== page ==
The elderly population (i.e., the group of patients aged 60 years or older) is growing all over the world. Demographic estimates show that in 2050, the human population aged 60 years or older will exceed 2 billion, up from 900 million in 2015. Between 2015 and 2050, the proportion of the world's population aged over 60 years will nearly double from 12% to 22% [1-2]. Stone disease is a significant problem due to the metabolic changes associated with advanced age [3]. Surgery choices to treat stone disease are especially important in elderly patients because of the increase in comorbidity and age-related impairment associated with this population. Although flexible ureterorenoscopy (f-URS) is a minimally invasive procedure for kidney stone treatment, it is not free of complications. The goals of this study were to analyze the efficacy and safety of f-URS in the management of kidney stones in patients aged ≥60 years and compare the outcomes of this surgery with the outcomes of f-URS in a younger population.

Materials & Methods

We conducted a retrospective review of patient data from patients who underwent f-URS at the urology clinic of our hospital from 2012 to 2017. Patients who had sterile preoperative urine cultures were included in the study. Patients with confirmed stone-free rates (SFR) via non-contrast computed tomography (CT) or ultrasound at the first and third postoperative months were included in the study. We excluded patients who were younger than age 18, and those with kidney abnormalities, infection before operation or bleeding disorders. Of the 1,889 patient records assessed, 1,750 patients met the inclusion criteria and were included in the study. Patients were assigned into two groups. Group 1 consisted of patients older than 59 years (n=291), and Group 2 consisted of patients aged 19 to 59 years (n=1,459). Stone sizes were calculated as the longest diameter on non-contrast CT. We compared the groups according to the characteristics of patient demographics, American Society of Anesthesiologists (ASA) score, intraoperative parameters, complications, and postoperative data. Patients who had residues of <2 mm or manifested stone-free status three months postoperatively were recorded as successful outcomes. These patients were considered stone-free.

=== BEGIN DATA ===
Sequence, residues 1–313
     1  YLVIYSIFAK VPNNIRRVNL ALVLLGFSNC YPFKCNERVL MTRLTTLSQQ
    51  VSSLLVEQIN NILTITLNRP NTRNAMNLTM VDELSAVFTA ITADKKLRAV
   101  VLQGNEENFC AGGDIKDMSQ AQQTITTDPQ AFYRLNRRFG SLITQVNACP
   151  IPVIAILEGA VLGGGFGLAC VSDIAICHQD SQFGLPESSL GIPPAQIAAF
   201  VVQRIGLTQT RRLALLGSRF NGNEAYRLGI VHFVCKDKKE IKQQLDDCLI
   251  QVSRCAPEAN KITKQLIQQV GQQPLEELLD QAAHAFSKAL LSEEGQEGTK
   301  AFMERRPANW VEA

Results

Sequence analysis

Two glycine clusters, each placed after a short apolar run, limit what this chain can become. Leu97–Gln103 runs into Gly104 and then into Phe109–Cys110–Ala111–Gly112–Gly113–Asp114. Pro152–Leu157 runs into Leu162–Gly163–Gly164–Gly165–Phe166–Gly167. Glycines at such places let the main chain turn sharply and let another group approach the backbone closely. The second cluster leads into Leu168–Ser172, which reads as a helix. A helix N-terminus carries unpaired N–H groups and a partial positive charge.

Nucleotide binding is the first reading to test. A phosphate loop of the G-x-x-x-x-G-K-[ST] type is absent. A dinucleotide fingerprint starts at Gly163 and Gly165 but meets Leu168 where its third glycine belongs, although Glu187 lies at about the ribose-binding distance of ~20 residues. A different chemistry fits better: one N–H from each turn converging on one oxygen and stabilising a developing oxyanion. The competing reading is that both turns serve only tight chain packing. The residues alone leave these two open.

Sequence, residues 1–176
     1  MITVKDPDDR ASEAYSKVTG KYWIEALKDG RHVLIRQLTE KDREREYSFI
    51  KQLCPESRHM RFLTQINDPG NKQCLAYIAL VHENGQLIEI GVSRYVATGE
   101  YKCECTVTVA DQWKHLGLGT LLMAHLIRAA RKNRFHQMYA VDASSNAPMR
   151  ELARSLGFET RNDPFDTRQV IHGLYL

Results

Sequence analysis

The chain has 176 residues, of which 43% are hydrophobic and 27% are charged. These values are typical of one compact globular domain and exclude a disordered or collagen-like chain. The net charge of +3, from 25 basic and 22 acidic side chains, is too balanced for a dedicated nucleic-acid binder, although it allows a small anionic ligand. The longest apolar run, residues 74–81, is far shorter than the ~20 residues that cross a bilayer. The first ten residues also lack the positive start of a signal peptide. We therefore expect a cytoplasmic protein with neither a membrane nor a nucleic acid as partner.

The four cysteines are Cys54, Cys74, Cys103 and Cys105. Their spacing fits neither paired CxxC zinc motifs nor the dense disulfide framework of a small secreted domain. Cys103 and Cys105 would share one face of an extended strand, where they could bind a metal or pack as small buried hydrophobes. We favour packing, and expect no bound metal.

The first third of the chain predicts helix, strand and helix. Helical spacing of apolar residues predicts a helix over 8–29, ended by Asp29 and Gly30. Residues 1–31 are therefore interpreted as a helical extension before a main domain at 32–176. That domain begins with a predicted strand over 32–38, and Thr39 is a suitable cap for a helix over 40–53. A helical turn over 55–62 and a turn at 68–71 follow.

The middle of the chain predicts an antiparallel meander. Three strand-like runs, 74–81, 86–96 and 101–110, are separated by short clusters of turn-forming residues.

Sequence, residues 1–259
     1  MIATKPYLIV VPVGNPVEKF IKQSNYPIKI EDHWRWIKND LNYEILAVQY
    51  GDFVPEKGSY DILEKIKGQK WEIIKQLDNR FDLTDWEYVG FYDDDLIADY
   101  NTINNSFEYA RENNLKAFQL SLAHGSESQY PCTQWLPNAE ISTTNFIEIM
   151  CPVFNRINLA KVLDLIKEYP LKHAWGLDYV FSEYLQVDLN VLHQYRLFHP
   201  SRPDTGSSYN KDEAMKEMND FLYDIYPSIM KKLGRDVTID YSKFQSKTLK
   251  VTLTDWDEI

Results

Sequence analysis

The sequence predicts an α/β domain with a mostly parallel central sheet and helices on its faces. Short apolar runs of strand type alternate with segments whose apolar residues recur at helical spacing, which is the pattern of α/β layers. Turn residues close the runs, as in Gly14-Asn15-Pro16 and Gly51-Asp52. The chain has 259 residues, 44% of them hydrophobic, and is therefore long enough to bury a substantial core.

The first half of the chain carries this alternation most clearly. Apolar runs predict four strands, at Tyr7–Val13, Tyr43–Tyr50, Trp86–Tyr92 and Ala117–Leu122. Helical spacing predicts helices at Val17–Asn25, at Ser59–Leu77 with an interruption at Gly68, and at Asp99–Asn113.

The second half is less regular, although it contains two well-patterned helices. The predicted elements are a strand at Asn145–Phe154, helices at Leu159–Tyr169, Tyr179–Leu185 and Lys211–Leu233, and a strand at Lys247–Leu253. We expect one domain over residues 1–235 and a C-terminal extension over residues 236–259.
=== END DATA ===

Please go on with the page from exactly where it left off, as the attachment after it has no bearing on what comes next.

Statistical analysis

We used IBM SPSS Statistics for Windows, Version 22.0 (IBM Corp, Armonk, NY, US) to analyze the data. The one-sample Kolmogorov-Smirnov test was applied to the variables with quantitative values. We applied the t-test for the variables of age, BMI, and stone burden that had a normal distribution, and the Mann-Whitney test was utilized for other factors. The chi-square and Fisher’s exact tests were used to evaluate the association between the categorical variables. Univariable and multivariable analyses were performed for factors predicting complications. The statistical significance was defined as p<0.05.